Campus Security Funds Being Allocated Across the Country
LOS ANGELES – Three more U.S. school districts have either approved or are considering major security improvements totaling more than $5 million.
The Irving (Texas) school district is looking into spending more than $1 million toward campus security upgrades, including camera surveillance, hall monitors, and keyless entry systems. If allocated, the funds would be intended to bolster school visitor access control, safety in classrooms, and deter high-volume crime areas. Older analog CCTVs would be replaced by Web-based digital cameras, and a sex-offender background check program could be instituted for visitors. Hall monitors are estimated at a $452,000 price tag, while keyless entry could run as high as $685,000.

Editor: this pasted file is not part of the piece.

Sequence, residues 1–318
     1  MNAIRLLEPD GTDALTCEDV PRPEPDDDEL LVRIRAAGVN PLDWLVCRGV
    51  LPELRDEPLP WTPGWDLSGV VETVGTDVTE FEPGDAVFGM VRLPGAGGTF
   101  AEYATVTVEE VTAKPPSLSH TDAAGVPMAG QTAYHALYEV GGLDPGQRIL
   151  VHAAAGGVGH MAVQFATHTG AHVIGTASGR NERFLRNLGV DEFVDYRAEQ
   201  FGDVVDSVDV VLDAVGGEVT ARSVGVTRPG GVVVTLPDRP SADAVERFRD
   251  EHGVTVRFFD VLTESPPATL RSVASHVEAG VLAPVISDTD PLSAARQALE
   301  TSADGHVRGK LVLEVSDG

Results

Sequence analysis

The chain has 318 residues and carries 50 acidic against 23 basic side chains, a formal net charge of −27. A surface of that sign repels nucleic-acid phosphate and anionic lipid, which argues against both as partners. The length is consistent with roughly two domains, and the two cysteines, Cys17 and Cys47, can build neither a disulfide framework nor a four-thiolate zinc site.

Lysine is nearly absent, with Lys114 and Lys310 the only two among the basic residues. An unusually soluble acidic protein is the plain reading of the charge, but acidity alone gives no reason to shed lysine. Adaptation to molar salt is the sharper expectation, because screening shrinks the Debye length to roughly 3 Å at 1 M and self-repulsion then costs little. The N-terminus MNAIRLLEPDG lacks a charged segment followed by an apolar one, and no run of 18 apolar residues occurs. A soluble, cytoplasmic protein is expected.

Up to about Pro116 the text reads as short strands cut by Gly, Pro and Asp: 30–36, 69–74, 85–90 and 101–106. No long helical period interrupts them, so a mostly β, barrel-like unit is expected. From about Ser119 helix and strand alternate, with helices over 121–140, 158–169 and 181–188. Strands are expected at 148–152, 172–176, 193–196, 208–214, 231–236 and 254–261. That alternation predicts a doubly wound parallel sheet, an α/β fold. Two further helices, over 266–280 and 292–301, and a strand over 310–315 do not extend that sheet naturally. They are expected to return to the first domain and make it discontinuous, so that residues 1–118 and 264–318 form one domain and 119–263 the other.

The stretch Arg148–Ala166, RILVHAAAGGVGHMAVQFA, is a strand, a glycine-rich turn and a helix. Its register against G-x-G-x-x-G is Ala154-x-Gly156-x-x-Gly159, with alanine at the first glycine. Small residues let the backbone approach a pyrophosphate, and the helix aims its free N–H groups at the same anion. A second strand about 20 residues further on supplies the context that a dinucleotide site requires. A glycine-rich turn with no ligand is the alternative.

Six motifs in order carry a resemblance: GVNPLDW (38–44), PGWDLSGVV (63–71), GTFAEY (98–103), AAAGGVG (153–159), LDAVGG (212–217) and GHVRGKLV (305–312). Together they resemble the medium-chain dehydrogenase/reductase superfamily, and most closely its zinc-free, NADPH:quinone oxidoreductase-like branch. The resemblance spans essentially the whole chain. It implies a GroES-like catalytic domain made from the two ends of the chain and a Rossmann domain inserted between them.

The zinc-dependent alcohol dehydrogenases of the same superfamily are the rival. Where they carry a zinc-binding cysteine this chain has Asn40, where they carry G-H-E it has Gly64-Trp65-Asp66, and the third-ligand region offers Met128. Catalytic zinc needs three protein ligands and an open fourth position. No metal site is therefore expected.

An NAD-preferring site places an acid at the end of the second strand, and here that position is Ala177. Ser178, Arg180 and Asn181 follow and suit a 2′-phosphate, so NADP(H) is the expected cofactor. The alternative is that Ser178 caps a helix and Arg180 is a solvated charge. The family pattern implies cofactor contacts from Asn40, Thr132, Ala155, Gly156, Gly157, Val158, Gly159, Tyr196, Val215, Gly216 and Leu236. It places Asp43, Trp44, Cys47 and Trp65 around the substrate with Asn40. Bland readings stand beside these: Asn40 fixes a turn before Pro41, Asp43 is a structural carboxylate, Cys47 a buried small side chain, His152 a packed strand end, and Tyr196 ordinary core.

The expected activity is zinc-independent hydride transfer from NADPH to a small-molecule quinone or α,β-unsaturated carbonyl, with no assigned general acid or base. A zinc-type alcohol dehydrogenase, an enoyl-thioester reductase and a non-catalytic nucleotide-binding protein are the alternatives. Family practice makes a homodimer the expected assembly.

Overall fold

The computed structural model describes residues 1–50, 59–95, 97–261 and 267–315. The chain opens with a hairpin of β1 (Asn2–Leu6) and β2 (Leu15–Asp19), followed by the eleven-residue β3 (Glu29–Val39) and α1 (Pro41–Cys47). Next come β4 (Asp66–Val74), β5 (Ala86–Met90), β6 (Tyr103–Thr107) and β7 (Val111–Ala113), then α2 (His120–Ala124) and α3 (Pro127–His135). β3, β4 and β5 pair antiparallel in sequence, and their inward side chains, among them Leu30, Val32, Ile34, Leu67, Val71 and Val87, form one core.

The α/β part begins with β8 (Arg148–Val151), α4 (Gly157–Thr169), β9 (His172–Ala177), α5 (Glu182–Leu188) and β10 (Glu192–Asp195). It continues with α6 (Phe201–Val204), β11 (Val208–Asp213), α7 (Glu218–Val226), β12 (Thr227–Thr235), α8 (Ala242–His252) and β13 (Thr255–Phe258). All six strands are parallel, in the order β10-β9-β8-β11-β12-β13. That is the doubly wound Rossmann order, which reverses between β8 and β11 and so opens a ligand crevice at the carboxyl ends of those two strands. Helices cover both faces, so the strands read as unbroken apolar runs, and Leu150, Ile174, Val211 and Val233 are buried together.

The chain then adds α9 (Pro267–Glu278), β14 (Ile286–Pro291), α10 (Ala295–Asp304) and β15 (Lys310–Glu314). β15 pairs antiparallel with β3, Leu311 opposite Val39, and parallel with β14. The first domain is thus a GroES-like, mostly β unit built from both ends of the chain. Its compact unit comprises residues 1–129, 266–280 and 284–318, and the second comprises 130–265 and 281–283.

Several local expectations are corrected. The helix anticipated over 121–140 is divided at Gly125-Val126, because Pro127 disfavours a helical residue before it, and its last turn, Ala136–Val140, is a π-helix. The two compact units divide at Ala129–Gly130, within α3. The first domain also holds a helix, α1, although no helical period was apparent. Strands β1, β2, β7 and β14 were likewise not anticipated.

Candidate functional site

A safety-driven building project is up for voter approval at Lockport, N.Y., school district. The $1.4 million project would secure main entrances, renovate existing surveillance camera systems, and improve outdoor lighting. A “safe schools initiative” recommended the improvements, which the districts hopes will be partially covered by state aid. The district hopes “Excel” aid, funds meant specifically for facility improvements, can also be applied to its share of an $8.67 million fire alarm, flooring, HVAC, electrical, heating and plumbing initiative approved last year.
In Baltimore, $2.7 million has been approved by the Anne Arundel County school board to bolster school camera surveillance, fences and security at sporting events. It is not known how this measure fits into a 2005 report pointing out $39 million of security weaknesses in the district. Specifics of the report have never been publicly disclosed in order to protect school weaknesses from potential threats. Without such information, the school board has been left to blindly approve security upgrade measures. A security plan outlining the district’s needs without revealing its weaknesses is currently being drafted.
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